Physicians Formula looks to top-line growth in 2010
AZUSA, Calif. Physicians Formula, whose beauty products are sold in 23,700 stores operated by Walmart, Target, CVS and Rite Aid, narrowed its fourth quarter net loss and is optimistic about 2010 as it has rationalized 28% of its SKUs and has a “strong product mix” in the pipeline.
“Although our overall market share decreased as expected versus last year, mainly impacted by the loss of a major customer, we saw an increase in dollar sales for our strategic platforms, including our bronzers, Mineral Wear face powders, and natural and organic products,” stated Ingrid Jackel, chairwoman and CEO. “Having rationalized 28% of our SKUs and with the promising start of our 2010 new products, we believe that we have a strong product mix as we begin 2010 that will enable us to increase both the efficiency of our product set and our market share in our core categories. In fact, after seeing our early 2010 new product sales, we believe we are in a good position to grow our top-line in 2010.”
Net sales for the quarter ended Dec. 31 totaled $22.3 million compared with $28.2 million in the year-ago period. The decrease is primarily due to the previously announced loss of a major customer and lackluster retail POS trends for the masstige cosmetics market in both the United States and Canada.
Net loss for the quarter totaled $2.5 million, or a loss of 18 cents per share, versus a loss of $24.5 million, or $1.80 per share, in the year-ago period.
The current quarter’s net loss includes a $4 million charge from the company’s implementation of a SKU rationalization initiative designed to discontinue slower-selling products. The initiative, which concluded in late December after 2010 plan-o-grams were finalized with its retail partners, resulted in the discontinuation of about 28% of the beauty company’s products as of Dec. 31.
“We believe we adapted well to the challenges we experienced in 2009. Although our top line was negatively impacted during the year, we made significant progress on our business model redefinition by improving our manufacturing efficiencies and diligently managing our general and administrative costs,” stated Jackel. “As a result, we generated $9.4 million of net cash from operating activities for the full year and $3.6 million for the back half.”
Walmart customers get Hard Candy for spring
BENTONVILLE, Ark. Walmart is gearing up for spring with a collection of new Hard Candy beauty products slated to be on shelf the first week of May.
The new Hard Candy makeup products include:
- Hot Smudge: A duo cream eyeliner/smudge shadow housed in a long case with a brush and smudger. The price is $6.
- Meteor Eyes: This is a high-pigment, baked eye shadow that is buildable to create endless looks. It can be used “dry” for a sheer color or “wet” for an intense, dramatic look. The price is $6.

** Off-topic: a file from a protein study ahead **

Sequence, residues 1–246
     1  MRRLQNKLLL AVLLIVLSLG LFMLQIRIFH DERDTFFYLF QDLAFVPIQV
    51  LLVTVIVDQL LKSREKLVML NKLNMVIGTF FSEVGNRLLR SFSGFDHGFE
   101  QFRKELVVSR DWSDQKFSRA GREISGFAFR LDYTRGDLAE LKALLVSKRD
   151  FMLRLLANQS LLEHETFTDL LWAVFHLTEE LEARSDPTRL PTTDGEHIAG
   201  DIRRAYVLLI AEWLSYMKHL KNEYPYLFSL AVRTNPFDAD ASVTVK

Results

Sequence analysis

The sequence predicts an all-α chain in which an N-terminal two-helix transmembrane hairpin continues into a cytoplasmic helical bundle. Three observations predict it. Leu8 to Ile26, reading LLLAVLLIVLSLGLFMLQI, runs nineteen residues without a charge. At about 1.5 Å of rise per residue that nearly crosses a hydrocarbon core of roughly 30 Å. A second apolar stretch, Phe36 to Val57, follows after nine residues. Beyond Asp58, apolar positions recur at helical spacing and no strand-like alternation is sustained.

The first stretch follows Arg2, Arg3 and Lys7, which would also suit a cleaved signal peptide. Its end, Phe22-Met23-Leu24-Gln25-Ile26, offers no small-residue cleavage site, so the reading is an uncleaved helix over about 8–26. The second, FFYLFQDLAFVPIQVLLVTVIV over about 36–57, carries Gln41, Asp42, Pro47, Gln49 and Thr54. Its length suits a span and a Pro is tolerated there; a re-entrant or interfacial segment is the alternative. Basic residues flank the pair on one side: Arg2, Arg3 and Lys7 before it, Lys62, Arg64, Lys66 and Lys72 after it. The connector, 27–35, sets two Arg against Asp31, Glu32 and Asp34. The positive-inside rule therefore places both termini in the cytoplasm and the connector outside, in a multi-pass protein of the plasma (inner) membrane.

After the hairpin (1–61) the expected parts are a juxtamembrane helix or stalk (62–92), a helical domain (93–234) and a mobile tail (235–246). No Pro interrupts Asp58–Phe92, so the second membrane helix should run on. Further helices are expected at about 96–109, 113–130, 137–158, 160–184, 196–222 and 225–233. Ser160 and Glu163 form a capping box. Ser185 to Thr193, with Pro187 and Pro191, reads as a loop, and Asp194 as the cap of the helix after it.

- Powder Keg: These powdery-fine, silky-soft shadows promise to deliver more intense color than pressed or cream eye shadows. The formula is made from pearlized powders. The price is $6.
- Welcome Matte: This is a micro-pigmented pressed powder that promises to eliminate unwanted shine. It includes a mirror and sponge and is priced at $8.
- Moon Glow: This is a multi-tasking translucent powder infused with illuminating gold powder. It includes a mirror and sponge and is priced at $8.
- Take Me Out Liner (glitter): This is a micro glitter-infused eyeliner pencil priced at $5.
- Take Me Out Liner (molten metal): The molten metal eye pencils are available in a rainbow of shades. The color glides on smooth and stays soft and creamy for blending (about 30 seconds), then dries for a long-lasting finish. The price is $5.
In addition to the new makeup, beauty mavens can also buy a 100% nylon Train Case accented with the signature Hard Candy art and customer zipper pulls ($9) or a cosmetic bag that also features the signature Hard Candy styling and zipper pulls ($4).
Solazyme, Unilever pen R&D deal
SOUTH SAN FRANCISCO, Calif. Solazyme, a renewable oil and bioproducts company, has inked a research and development agreement with Unilever to develop oil derived from algae for use in soaps and other personal care products, Solazyme has announced.
“Algal oil provides important benefits in personal care applications,” explained Jonathan Wolfson, CEO of Solazyme. “Solazyme’s algal oils can help meet the growing demand for completely renewable, natural and sustainable personal care products. Unilever is an acknowledged world leader in sustainability and we are honored to be working with them to develop this new renewable source of natural oils for their world class consumer products.”
Solazyme and Unilever are working to demonstrate a process to incorporate targeted algal oils into personal care products at a commercially relevant scale. The work will further develop Solazyme’s technology platform, which allows algae to produce oil and biomaterials in standard fermentation facilities quickly, efficiently and at large scale.
Among other sustainability initiatives, Unilever is exploring various next-generation sources of renewable oil for use in its products. Unilever’s collaboration with Solazyme represents a step in the company’s exploration of algae as a source of renewable oil.
“Unilever is committed to the highest sustainability and environmental practices and is working to drive industry change and set new standards,” added Peter Gallagher, VP global skin R&D, for Unilever. “Exploring sources of alternative natural oils is one of the most important aspects of our greater sustainable sourcing strategy and working with Solazyme’s algal oils is an excellent fit.”